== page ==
Learning Estates strategy

Councillors received an update on the work of the Learning Estates team and their focus on making sure Aberdeenshire school buildings are of a suitable condition.

Committee praised the team for their work on the new schools being built in the area and heard about future plans to improve the school estate in Fraserburgh, Peterhead and Inverurie.

Consultation report on the review of Mintlaw network primary school zones

Councillors agreed to a proposed rezoning of the primary school network in Mintlaw.

A series of housing developments planned in the area will likely have an impact on school rolls which the proposals, including changing the catchment area around Stuartfield School, will help mitigate.

Committee heard that officers work closely with the council’s Planning service so they can take into account future house numbers and the potential impact they will have on school rolls.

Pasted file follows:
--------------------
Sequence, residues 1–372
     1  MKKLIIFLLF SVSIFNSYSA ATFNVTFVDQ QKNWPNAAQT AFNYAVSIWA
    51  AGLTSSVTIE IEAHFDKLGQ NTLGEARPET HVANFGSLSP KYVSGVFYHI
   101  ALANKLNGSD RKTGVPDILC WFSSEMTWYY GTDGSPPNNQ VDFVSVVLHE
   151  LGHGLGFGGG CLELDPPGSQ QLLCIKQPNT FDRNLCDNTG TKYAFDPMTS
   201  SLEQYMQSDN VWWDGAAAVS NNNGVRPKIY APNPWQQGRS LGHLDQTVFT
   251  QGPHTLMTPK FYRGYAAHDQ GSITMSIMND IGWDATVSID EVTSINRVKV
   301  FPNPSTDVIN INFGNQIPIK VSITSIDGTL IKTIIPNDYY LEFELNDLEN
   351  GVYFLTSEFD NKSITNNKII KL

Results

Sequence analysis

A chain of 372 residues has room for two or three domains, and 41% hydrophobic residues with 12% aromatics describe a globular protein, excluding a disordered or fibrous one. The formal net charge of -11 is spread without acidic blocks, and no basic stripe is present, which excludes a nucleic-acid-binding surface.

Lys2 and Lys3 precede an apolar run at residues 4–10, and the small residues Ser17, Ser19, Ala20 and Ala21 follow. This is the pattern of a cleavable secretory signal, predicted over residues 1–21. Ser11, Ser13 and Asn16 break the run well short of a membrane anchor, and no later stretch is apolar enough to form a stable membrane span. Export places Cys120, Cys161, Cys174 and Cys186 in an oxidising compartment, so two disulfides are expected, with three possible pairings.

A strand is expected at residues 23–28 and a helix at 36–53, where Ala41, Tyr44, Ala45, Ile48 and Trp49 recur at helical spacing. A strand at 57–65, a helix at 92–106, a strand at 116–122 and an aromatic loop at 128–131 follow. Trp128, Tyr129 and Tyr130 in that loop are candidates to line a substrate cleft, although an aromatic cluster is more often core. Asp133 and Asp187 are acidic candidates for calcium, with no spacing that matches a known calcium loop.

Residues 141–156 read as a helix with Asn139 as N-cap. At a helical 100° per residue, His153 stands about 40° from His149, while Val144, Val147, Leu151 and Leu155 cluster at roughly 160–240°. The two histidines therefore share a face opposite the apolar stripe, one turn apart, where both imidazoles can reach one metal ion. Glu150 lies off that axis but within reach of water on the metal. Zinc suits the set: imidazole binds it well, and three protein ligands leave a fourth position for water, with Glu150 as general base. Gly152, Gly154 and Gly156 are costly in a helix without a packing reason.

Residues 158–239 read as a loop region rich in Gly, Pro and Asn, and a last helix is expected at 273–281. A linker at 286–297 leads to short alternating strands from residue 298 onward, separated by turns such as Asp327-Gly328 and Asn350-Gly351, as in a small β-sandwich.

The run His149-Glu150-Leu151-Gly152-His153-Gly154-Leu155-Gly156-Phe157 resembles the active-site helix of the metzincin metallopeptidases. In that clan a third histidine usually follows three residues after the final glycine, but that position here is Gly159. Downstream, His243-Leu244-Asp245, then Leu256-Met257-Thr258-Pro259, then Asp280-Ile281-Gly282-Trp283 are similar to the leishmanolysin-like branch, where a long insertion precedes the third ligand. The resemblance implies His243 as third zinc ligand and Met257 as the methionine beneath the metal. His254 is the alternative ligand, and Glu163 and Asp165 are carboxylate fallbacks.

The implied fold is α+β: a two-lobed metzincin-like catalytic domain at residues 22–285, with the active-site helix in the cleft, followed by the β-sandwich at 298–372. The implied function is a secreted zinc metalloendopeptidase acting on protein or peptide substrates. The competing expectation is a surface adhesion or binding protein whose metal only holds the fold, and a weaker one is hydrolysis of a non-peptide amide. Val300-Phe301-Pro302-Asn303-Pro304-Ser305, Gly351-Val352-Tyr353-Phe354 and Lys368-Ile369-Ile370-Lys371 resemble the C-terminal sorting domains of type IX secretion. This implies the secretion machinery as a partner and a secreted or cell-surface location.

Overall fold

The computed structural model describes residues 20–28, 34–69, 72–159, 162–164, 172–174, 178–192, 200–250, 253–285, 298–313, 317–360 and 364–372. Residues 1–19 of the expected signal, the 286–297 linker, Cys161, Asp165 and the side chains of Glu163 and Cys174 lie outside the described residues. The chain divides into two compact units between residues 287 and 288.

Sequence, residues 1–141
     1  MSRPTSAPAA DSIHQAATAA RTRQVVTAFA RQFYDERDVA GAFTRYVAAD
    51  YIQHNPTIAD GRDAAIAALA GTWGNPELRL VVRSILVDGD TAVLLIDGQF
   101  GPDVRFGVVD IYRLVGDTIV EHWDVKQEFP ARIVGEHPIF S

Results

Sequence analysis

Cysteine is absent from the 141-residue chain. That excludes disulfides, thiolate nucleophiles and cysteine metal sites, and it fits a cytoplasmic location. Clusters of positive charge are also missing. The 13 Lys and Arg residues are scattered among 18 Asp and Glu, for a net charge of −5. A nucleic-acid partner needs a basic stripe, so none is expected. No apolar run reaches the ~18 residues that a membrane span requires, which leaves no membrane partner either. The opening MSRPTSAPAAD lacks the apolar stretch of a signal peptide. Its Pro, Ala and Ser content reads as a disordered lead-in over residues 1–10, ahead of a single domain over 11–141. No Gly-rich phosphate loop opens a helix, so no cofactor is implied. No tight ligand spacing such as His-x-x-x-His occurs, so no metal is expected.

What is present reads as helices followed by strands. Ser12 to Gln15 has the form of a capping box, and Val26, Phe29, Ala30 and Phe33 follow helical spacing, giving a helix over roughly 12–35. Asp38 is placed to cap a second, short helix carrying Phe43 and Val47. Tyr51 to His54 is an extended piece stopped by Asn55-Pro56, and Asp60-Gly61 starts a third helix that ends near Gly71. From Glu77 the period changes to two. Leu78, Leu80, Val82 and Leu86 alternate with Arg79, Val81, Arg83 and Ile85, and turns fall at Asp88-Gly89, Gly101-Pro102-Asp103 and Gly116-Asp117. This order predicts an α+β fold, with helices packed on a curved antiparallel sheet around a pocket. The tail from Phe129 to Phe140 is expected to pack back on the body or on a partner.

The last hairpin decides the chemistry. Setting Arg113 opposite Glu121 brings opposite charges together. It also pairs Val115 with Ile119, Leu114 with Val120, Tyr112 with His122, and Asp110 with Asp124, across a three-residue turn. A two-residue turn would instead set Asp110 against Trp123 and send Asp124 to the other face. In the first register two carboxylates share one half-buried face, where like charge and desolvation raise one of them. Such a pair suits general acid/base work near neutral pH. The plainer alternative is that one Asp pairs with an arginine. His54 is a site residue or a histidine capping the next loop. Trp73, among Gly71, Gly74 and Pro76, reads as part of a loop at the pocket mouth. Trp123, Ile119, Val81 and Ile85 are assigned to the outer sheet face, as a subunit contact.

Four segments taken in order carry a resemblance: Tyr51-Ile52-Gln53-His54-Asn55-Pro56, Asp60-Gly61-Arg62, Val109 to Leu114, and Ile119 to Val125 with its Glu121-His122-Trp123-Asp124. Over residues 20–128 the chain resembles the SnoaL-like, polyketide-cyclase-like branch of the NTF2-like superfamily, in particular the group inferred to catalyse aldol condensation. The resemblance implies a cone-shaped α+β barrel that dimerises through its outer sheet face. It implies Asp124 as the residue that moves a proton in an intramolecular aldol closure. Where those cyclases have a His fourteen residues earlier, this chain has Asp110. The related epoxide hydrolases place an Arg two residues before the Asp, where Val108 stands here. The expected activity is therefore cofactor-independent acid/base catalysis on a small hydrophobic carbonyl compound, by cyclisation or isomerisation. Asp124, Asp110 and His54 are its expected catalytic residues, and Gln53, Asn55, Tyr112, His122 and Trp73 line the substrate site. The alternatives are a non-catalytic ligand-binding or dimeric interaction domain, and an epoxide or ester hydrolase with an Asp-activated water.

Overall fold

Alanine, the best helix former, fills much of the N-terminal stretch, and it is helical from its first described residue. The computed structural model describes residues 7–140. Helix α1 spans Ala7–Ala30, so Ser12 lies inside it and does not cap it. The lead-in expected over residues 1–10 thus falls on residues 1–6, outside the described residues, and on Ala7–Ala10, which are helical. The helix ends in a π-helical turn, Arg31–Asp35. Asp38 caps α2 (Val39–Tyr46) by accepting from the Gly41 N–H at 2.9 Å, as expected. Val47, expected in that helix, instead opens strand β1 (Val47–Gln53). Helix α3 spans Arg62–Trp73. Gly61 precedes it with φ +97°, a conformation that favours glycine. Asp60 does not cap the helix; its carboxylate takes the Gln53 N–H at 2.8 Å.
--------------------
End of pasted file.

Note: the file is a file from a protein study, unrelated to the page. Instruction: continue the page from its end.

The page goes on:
Establishment of a North East Hub for the Royal Conservatoire of Scotland

Committee welcomed Andrew Comrie, Director of Academic Innovation at the Royal Conservatoire of Scotland, who talked them through a partnership proposal between the conservatoire and the council to create a North East Hub for performing arts in Fraserburgh.

Mr Comrie said that one of the conservatoire’s main aims is to establish local access points for the arts in key parts of Scotland.

Councillors praised the exciting opportunity and said they were looking forward to the development of performing arts programmes targeted for children and young people in Aberdeenshire so they can build on their existing talents.

Libraries and Heritage Pricing Policy

Councillors agreed a new pricing policy for libraries and heritage, which included the removal of junior fines for late books, often seen as a barrier for young people using libraries.

The pricing review had been driven by a report, previously agreed by Full Council, which said that the council should strive to be more consistent in its approach to fees and charges and that it should aim to achieve full cost recovery for services where possible.

The new pricing policy stresses that while some people may find charges, for example for room hire, rise, by increasing discounts available to people on low incomes the council is still supporting access for all and that by moving to full cost recovery where appropriate it will be able to sustain services in the long-term.